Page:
LNG Journal shipping, trading and price report shows France and China as key destinations

Monday, 02 September 2019
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LNG carriers are increasing their pace of September deliveries East and West of Suez to destinations including France and China as prices are forecast to edge higher soon at the end of the Northern Hemisphere summer season.

Among the shipments scheduled in the days ahead, the 172,652 cubic metres capacity “Rudolf Samoyovich” was at the French Dunkirk terminal carrying a cargo from the Yamal LNG plant in Russia.

Suppliers at the forefront are the new US plants and the Qatar export complex at Ras Laffan, as well as the Yamal plant at Sabetta in Northern Siberia.

In pricing, the US Gulf Coast LNG futures prices from the Intercontinental Exchange were down, with September at $2.826 per MMBtu (down 0.108 percent), October at $3.120 per MMBtu (0.047 percent lower) and November at $4.154 per MMBtu (down 0.152 percent).

Looking out to 2020, the Gulf Coast January futures price was at $5.138 per MMBtu (0.199 percent lower) and February 2020 was at $5.273 per MMBtu (down 0.209 percent).

In West Africa, the 173,600 cubic metres capacity “Castillo de Santisteban” has lifted a cargo from the Equatorial Guinea export plant and is awaiting orders.

The 171,866 cubic metres capacity carrier “Ougarta” will deliver a cargo on September 4 to the Fos terminal near Marseilles from the Algerian Arzew plant operated by Sonatrach.

The 174,000 cubic metres capacity carrier “Flex Rainbow” will arrive on September 7 at the Montoir-de-Bretagne terminal in France with a cargo from Cheniere Energy’s Sabine Pass plant in Louisiana.

That’s as the benchmark price at the UK National Balancing Point was at $3.22 per MMBtu. It was higher at $3.75 per MMBtu for the main Continental European benchmark, the Dutch Title Transfer Facility.

There is still ample demand in the Middle East. The 210,100 cubic metres capacity Q-Flex vessel “Al Ghariya” will deliver a Qatargas cargo on September 7 to the Mina al Ahmadi terminal in Kuwait.

With the passage of Caribbean storms, the 173,400 cubic metres capacity vessel “Kinisis” is heading for a Panama Canal transit to the Atlantic after delivering a cargo to the Manzanillo import terminal on the Pacific Coast of Mexico.

Average charter rates for modern vessels of 150,000 cubic metres capacity or more were at around $58,000 per day and are expected to rise, according to shipping brokers.

“Some charterers are positioning their vessels for a contango market (where the futures price is higher than the spot price) in the winter season and European LNG storage levels have been above 90 percent in August,” said one analyst.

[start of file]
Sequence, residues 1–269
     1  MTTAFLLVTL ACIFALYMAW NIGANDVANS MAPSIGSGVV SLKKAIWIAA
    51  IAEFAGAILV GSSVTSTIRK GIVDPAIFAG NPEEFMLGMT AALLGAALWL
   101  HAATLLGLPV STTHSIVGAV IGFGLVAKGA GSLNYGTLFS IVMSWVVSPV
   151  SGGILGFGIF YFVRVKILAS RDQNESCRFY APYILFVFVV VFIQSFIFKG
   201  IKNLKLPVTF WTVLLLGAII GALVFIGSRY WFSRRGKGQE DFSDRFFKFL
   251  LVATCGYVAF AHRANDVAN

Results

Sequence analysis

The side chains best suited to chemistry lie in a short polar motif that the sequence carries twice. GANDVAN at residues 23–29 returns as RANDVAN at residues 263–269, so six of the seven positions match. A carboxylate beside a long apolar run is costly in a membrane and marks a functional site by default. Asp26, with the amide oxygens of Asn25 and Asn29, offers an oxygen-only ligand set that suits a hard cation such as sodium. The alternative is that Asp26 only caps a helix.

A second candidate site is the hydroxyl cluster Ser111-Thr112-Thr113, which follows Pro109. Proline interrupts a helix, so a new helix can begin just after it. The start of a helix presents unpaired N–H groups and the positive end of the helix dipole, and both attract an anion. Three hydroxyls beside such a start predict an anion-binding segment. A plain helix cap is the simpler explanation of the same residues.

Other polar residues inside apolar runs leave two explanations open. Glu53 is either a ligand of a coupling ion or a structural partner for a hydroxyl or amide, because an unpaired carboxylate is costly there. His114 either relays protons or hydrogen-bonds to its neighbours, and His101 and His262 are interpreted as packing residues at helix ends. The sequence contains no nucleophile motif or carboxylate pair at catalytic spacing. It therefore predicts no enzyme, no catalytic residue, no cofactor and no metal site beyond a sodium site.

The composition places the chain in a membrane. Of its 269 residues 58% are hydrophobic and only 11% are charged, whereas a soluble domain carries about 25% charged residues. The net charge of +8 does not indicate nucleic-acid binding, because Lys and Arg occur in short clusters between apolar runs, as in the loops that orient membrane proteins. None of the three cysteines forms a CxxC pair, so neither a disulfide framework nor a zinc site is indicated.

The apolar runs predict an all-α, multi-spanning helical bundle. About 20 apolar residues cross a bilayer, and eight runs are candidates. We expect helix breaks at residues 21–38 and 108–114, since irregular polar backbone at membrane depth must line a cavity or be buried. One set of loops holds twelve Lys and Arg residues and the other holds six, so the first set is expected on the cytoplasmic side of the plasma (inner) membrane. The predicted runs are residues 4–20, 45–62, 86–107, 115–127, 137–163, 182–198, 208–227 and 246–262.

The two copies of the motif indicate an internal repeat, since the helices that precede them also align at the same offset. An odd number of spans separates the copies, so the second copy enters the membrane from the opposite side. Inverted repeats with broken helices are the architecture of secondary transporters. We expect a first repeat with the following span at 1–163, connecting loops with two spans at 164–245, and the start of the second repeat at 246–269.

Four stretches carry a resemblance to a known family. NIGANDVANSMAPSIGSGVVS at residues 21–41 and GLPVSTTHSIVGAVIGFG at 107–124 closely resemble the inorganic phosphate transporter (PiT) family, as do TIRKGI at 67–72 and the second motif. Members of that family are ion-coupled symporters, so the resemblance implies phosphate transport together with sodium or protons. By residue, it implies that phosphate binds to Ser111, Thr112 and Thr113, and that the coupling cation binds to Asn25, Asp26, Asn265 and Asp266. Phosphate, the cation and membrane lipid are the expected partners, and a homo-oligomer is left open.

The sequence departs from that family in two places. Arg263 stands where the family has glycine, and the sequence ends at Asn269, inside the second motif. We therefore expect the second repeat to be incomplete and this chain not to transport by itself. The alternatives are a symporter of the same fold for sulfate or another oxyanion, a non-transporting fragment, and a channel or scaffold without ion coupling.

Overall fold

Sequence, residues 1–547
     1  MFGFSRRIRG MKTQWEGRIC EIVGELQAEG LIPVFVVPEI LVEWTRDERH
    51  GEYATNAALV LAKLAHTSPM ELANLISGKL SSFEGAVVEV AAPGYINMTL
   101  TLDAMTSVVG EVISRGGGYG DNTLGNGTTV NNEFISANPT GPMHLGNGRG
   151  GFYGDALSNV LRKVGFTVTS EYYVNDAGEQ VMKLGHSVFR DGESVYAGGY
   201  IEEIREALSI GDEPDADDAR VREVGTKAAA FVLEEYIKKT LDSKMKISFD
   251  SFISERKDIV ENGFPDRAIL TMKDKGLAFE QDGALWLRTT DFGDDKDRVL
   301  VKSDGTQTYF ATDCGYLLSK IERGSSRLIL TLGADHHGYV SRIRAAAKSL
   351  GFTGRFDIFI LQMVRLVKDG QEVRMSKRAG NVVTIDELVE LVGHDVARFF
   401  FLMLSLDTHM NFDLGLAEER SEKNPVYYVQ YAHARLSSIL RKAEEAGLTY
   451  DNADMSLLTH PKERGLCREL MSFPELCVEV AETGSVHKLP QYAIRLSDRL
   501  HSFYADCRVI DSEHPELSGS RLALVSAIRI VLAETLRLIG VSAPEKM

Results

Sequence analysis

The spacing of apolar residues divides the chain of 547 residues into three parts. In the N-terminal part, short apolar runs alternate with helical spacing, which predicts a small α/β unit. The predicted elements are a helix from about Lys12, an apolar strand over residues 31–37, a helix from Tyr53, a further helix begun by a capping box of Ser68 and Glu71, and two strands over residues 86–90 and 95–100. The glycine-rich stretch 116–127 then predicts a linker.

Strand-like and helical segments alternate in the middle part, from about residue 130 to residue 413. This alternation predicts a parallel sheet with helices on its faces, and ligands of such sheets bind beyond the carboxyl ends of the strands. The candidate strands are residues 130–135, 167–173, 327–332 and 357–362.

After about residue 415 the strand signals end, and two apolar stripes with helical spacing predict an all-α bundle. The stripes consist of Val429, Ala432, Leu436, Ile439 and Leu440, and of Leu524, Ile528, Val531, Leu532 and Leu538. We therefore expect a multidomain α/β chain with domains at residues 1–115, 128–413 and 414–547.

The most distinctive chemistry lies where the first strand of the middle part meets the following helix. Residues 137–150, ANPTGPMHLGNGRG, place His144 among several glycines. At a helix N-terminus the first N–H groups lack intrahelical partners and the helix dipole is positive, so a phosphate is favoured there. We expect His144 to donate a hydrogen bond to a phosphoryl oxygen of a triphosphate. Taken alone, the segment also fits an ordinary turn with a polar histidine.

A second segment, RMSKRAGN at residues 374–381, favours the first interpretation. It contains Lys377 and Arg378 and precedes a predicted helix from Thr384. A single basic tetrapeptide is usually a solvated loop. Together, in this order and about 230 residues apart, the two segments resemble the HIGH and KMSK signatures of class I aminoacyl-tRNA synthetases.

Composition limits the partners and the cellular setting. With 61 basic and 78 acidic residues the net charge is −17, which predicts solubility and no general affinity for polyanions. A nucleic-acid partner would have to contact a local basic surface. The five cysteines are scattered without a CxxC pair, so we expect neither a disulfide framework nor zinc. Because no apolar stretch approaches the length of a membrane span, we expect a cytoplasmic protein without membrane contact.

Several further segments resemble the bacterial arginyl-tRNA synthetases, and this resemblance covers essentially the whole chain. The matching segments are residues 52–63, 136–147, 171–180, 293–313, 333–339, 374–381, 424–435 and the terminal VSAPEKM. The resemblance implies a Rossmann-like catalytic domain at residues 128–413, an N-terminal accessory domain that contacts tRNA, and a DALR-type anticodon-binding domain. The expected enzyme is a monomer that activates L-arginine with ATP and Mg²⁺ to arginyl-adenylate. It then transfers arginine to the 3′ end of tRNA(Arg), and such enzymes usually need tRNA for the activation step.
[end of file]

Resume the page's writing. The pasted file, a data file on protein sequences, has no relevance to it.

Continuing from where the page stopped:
In the Pacific Basin, the key destinations in the next few days and throughout September are China and South Korea.

The 266,000 cubic metres capacity Q-Max vessel “Aamira” is unloading a Qatargas cargo on September 2 at the Incheon plant in South Korea, owned by Korea Gas Corp.

“Vladimir Rusanov”, with 172,000 cubic metres capacity, is scheduled to unload a shipment on September 4 at the Chinese port of Tianjin from Yamal LNG in Russia.

On the pricing front, the Japan-Korea Marker settlement price for October was $4.670 per MMBtu with a low of $4.220 per MMBtu. However, traders said the November prices are set to climb with a November high envisaged at over $7.000 per MMBtu.

Amid a growing volume of Chinese deliveries, the 266,000 cubic metres capacity Q-Max vessel “Zarga” will unload a Qatari cargo on September 5 at the Jiangsu terminal in China for Guanghui Energy.

The 173,644 cubic metres capacity carrier “British Contributor” will unload a shipment on September 5 in Singapore from the Idku plant in Egypt.

Natural gas prices in the Australian state of Queensland, where three LNG plants export to the Asia-Pacific region, were last at US$4.86 per MMBtu.

The 155,300 cubic metres capacity vessel “Oceanic Breeze” is heading to the LNG port of Gladstone in Queensland to lift a cargo on September 5 after previously delivering to the Shimizu terminal in Japan.

The “Asia Endeavour” is scheduled to arrive at the Chevron-operated Gorgon plant on Barrow Island in Western Australia to lift a cargo after previously delivering to the Boryeong terminal in South Korea.

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